You may not have realized it, but June is LGBT Pride Month, designed to recognize the impact LGBT people have had in the world and celebrate their cause. In my city of Bismarck, Dakota Outright, a group that advances LGBT issues, organized several activities this past weekend as part of the local Capital Pride event. They offered vendors, music, a riverboat cruise, and a “Dakota Divas Spectacular”.

As you may imagine, my initial reaction was less than enthusiastic, given my beliefs and values. KFYR-TV reported that Jonathan Frye, Dakota Outright Secretary, stated, “We deserve as many human rights and protections as everybody else because we’re here and we’re present. So we want people to know that yes we do exist, and yes we do need protections, and yes we are people.”  My reaction was that the LGBT community does have the same protections you and I have; what we are opposed to is “special protections”.

I also read a myNDnow.com article which reported that Lisa Loar from Jamestown spoke to a roomful of people and remarked, “We live a life with the hetero-normative so much and there’s nothing wrong with it, but sometimes we just need to back off and be somewhere where we’re the dominant culture in a sense.” I found that a bit foreboding.

To round out the weekend, a service was held at the Unitarian Universalist Church. At the service, “All of the speakers shared stories of when they didn’t feel welcome, especially in a faith-based environment.”  That part saddened me.

Over the years, I have known gay individuals who I would consider some of my best friends. We’ve had lively debates about the LGBT issue, agreed on almost nothing, but have remained friends nevertheless. Why?  Because we loved the other person for who they were: a creature created in God’s image with inherent worth and dignity. Yes, I continually pray that they may see that their lifestyle is counter to how God created each of us.  However, I also pray for God’s blessing on their lives and for them to know true peace and love. I pray for their families. I pray that if it be God’s will, they can see that our Savior’s message, while never compromising on biblical truths, is one of accepting all into His fold.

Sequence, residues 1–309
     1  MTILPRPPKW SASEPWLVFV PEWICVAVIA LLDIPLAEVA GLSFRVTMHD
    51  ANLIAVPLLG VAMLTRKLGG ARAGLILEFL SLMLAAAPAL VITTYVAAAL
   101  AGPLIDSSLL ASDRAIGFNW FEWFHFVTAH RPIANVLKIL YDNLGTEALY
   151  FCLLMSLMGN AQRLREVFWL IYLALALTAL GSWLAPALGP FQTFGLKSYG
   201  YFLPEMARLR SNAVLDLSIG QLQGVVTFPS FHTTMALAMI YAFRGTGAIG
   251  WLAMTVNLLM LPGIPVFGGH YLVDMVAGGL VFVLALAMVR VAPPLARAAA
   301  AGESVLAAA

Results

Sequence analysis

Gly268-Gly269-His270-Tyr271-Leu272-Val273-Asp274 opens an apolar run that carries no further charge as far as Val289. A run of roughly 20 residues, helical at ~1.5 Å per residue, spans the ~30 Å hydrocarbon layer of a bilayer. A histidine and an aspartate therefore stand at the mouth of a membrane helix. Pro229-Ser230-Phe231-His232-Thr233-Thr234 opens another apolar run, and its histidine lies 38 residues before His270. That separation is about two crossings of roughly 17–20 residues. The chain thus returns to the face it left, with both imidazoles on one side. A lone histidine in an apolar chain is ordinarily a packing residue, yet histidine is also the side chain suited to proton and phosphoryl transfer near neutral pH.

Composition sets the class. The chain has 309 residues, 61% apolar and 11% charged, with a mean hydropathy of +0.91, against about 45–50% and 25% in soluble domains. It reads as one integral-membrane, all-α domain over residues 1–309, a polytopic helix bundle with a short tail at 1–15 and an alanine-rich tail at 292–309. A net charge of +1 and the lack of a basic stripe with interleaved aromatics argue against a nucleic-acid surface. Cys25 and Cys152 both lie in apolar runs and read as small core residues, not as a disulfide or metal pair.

So, I extend an invitation to my LGBT brethren. Let’s talk over coffee sometime. I don’t want to spend the whole time debating the LGBT movement and our opposing viewpoints. I suggest we also talk about the Vikings, your pets, how muggy the weather has been this summer, or our shared frustrations with road construction – whatever you want to discuss. As with my closest friends who are gay, I suspect we will agree on almost nothing related to the LGBT movement, but that’s no reason I can’t buy you a latte and perhaps start a friendship.

Sincerely,

Mark Jorritsma
President and Executive Director